The historical and cultural pressure to have more than one child

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The historical and cultural pressure to have more than one child

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The historical pressure to have more than one child goes way back. Think of it this way. It used to be that a family was a workforce. We were an agrarian people, and you needed children to farm your land. So if you were going to survive or even thrive, the best chance of doing that was with the most kids possible to help you do that. Obviously that changed. The Industrialization Revolution came around. We totally redefined what a family does. Children began to cost more than they would provide. And we maintained the notion that it is still better to have more children. I think that part of that is because we decided back in those days too that an only child was lonely and, yes, if you grow up in a farm in a rural area in the 18th century, it is probably pretty lonely. But that´s not how most of us live anymore, and yet we continue to think that, especially in America, a big family is the way to go.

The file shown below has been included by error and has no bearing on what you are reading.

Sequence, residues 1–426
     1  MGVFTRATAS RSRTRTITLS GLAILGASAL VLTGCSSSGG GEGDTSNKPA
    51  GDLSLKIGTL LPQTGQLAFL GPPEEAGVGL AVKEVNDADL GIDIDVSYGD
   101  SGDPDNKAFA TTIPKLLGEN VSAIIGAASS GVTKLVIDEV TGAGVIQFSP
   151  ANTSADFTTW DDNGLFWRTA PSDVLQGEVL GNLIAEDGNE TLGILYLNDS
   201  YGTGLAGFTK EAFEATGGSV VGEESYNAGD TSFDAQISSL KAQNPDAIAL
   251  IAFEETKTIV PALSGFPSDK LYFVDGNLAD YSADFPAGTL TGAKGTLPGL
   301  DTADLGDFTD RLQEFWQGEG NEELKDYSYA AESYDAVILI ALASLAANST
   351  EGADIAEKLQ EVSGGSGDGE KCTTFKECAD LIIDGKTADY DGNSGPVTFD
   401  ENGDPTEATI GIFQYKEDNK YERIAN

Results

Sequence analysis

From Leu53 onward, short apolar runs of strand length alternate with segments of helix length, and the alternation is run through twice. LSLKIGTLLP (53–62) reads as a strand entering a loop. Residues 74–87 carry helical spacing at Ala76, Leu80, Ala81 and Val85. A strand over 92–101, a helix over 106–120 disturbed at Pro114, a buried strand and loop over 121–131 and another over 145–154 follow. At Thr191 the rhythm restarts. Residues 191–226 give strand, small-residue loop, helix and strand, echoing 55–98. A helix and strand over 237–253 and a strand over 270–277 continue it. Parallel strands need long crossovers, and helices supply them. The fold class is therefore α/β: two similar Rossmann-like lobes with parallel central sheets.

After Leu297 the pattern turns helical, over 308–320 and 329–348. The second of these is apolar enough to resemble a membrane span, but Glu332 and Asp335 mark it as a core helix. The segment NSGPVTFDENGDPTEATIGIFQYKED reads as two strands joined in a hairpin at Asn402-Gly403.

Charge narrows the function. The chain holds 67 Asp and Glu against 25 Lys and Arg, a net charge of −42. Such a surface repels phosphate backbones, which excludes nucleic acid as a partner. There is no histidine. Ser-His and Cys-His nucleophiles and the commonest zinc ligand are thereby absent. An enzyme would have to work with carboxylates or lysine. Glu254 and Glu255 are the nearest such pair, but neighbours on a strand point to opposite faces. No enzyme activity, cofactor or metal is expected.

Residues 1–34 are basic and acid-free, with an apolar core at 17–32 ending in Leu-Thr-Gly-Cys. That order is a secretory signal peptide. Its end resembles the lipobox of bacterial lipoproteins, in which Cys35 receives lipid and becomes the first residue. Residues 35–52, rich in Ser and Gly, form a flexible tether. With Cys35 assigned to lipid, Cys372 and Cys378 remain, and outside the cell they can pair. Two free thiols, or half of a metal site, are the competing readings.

View Lauren Sandler, MA's video on The historical and cultural pressure to have more than one child...

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Lauren Sandler, MA

Journalist & Author

Lauren Sandler is the author of One and Only: The Freedom of Having an Only Child and the Joy of Being One, and a journalist who writes on cultural politics and gender issues for publications like Time, The New York Times, and Slate. And she’s as an only child and the mother of one herself. 

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